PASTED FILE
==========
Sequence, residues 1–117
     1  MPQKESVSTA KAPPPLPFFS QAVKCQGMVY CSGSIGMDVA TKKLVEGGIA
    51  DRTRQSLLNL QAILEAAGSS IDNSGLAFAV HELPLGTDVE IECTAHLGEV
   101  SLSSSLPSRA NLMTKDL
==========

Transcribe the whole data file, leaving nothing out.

Sequence, residues 1–117
     1  MPQKESVSTA KAPPPLPFFS QAVKCQGMVY CSGSIGMDVA TKKLVEGGIA
    51  DRTRQSLLNL QAILEAAGSS IDNSGLAFAV HELPLGTDVE IECTAHLGEV
   101  SLSSSLPSRA NLMTKDL